From Afghanistan: A Cultural and Political History, by Thomas Barfield (Princeton U. Press, 2010), Kindle pp. 311-312:
Despite Afghanistan’s well-deserved reputation for independence, no government there was ever stable without access to foreign sources of revenue. While such income took many different forms, obtaining it remained a high priority for every Afghan regime. Ahmad Shah Durrani mounted raids on India and took tribute from there in the eighteenth century. Nineteenth-century rulers made peace deals with the British raj in exchange for substantial subsidies and access to modern weapons. The Musahiban rulers of Afghanistan exploited the cold war rivalry between the Soviet Union and the United States to modernize Afghanistan’s military and develop its economy. The PDPA was entirely dependent on resources from the Soviet Union to keep it afloat. The Karzai government was equally dependent on the United States and other Western countries.
The problem for Afghan rulers was that under ordinary circumstances, there was little incentive for foreign governments to provide the assistance that was vital for their regimes’ survival. The only way to overcome this obstacle was to make Afghanistan seem important (or dangerous) enough to justify these payments. But here Afghan rulers were faced with a difficult task. They were acutely aware that they lived in a world where their country’s primary interests were always at the bottom of someone else’s agenda. Even taking the country seriously earned the rebuke of critics in nineteenth-century Britain; they coined the term “Afghanistanism” for those who exaggerated the significance of events in distant and obscure places. Yet time and time again, Afghanistan returned to the world stage with an importance that always belied this gloss and generated the revenue it was seeking. In the nineteenth century, Afghanistan’s successful resistance against the British gave it a central place as the frontier of the raj—negatively as a potential threat to India’s NWFP, and positively as a barrier to Russian expansion. In the latter part of the twentieth century, the Soviet Union and the United States each feared “losing Afghanistan” to the other. This gave a country with no developed resources or vital strategic location a remarkably crucial significance until the cold war ended with the dissolution of the Soviet Union. It recovered that position when Islamic terrorism became a new world security issue and keeping Afghanistan free of it an international priority.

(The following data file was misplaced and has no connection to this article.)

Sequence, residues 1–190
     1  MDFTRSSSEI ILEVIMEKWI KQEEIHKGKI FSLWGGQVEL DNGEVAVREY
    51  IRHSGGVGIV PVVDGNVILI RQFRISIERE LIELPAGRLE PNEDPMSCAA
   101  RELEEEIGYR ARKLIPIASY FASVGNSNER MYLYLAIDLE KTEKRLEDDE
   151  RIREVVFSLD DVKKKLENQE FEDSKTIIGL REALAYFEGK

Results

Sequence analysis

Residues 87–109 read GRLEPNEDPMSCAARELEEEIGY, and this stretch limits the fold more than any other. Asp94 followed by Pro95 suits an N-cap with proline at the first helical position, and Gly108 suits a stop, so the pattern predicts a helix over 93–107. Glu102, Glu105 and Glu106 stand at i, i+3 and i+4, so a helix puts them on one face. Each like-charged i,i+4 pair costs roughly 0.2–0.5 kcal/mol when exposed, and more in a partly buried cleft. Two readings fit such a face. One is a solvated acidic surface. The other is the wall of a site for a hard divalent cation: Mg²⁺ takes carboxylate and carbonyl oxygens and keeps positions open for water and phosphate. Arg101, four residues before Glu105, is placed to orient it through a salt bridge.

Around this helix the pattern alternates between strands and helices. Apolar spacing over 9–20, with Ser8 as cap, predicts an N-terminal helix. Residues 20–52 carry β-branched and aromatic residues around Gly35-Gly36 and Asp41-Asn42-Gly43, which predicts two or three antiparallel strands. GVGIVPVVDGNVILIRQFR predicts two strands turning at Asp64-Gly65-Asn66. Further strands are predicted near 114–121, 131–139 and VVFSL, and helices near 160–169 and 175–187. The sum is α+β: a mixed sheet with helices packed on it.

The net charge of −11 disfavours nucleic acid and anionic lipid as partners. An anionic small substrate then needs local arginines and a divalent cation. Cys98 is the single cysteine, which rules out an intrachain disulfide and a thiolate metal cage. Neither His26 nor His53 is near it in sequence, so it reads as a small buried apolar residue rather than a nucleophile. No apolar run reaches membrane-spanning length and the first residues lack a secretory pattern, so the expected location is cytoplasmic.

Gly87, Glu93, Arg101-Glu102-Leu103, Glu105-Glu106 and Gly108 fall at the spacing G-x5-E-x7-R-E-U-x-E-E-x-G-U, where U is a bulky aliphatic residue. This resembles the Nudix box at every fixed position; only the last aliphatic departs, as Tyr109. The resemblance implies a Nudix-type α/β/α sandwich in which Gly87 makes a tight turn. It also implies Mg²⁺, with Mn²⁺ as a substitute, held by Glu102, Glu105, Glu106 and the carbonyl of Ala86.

The U.S. invasion that expelled the Taliban and al Qaeda from Afghanistan created an odd circumstance in its wake. The usual priority among the Afghans of expelling foreign invaders was replaced by a tacit strategy of keeping them there to guarantee security and finance the development of the country. This was because the Afghan population was looking for stability after decades of war and protection against predation by factions within Afghanistan as well as from neighbors seeking to exploit its weaknesses. But accepting such assistance needed to be carefully balanced: a Kabul government that was dependent on it could be labeled a puppet regime unless it proved itself independent enough to protect Afghan interests and values. It was also dangerous to assume that the initial willingness of the Afghan people to accept foreign intervention had no expiration date. To be successful, foreign military assistance to the Afghan state needed to be self-liquidating, and foreign economic assistance needed to improve ordinary lives.